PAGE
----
AAE 551 Design Theory and Methods for Aerospace Systems
Prof. Crossley
Spring 2017


[Course Description]

[Course Goals]




[Campus Emergencies]

[Reading Assignments, Discussion and Projects]

[Late Submittals]

[Collaboration and Academic Integrity]

[Course Grades]

[Course Materials]

[Homepage] - [Syllabus] - [Topics]

Course Description

The following statements regarding aerospace systems motivated this course:

  • “When compared to other engineering products, aerospace products are: very expensive, require very high reliability, have highly visible failures (which are often not tolerated), involve high technology, are capable of self-destruction, and involve a complexity of the product, processes and organizations that design, develop and operate the product.”1
  • “…as engineering practice and industry needs continue to co-evolve, the continuing need for the ‘subject matter experts’ (engineering science specialists)…will be increasingly complemented by the need for more ‘systems’ talent…”2
  • “We’ve experienced program failures in the past because of inadequacies in these fields (science, technology and systems engineering).”3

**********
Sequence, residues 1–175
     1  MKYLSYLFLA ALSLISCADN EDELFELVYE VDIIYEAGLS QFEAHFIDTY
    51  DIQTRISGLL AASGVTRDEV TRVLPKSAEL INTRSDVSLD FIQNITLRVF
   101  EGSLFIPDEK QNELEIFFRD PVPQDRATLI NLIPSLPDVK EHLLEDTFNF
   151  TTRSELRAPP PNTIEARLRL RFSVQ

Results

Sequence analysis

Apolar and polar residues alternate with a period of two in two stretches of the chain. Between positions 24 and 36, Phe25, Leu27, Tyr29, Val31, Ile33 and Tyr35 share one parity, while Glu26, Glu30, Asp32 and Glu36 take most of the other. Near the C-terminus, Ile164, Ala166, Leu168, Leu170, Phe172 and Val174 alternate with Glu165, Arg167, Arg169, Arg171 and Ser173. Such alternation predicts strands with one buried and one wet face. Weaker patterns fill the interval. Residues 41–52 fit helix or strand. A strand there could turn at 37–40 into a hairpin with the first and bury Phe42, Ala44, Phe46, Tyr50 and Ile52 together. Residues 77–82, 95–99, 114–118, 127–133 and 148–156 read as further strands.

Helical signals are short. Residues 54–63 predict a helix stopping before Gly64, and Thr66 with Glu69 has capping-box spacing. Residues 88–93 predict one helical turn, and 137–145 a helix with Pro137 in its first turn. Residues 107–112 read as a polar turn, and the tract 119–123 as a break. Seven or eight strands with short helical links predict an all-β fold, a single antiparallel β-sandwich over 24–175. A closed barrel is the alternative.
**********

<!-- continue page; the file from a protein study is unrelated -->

• “…we are identifying ways to improve SE [Systems Engineering] throughout the acquisition process, including workforce issues such as education and training; tools …policies, instructions, and guidance”4

With these thoughts in mind, this course will provide an introduction to design theory and methods and their relationship to systems engineering as practiced in the aerospace industry.  The course covers a range of topics and has an instructor-led discussion format.  Student participation in discussions will factor in the course grades.  Several projects during the semester will allow students to put the techniques and theory discussed into practice for representative aerospace system design problems.